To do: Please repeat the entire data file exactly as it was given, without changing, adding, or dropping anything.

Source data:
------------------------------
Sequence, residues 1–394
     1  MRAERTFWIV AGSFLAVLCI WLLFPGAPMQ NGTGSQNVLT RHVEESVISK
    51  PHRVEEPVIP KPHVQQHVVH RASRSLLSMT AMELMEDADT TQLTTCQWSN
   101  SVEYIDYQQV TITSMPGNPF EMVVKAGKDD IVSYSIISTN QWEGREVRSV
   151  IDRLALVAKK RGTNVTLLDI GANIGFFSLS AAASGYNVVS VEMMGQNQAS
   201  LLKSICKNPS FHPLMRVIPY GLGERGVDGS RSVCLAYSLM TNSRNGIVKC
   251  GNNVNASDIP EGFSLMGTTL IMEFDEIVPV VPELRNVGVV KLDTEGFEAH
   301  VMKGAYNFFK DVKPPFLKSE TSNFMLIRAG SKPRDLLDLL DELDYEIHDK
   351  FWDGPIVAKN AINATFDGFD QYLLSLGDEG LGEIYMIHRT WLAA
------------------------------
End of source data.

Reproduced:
Sequence, residues 1–394
     1  MRAERTFWIV AGSFLAVLCI WLLFPGAPMQ NGTGSQNVLT RHVEESVISK
    51  PHRVEEPVIP KPHVQQHVVH RASRSLLSMT AMELMEDADT TQLTTCQWSN
   101  SVEYIDYQQV TITSMPGNPF EMVVKAGKDD IVSYSIISTN QWEGREVRSV
   151  IDRLALVAKK RGTNVTLLDI GANIGFFSLS AAASGYNVVS VEMMGQNQAS
   201  LLKSICKNPS FHPLMRVIPY GLGERGVDGS RSVCLAYSLM TNSRNGIVKC
   251  GNNVNASDIP EGFSLMGTTL IMEFDEIVPV VPELRNVGVV KLDTEGFEAH
   301  VMKGAYNFFK DVKPPFLKSE TSNFMLIRAG SKPRDLLDLL DELDYEIHDK
   351  FWDGPIVAKN AINATFDGFD QYLLSLGDEG LGEIYMIHRT WLAA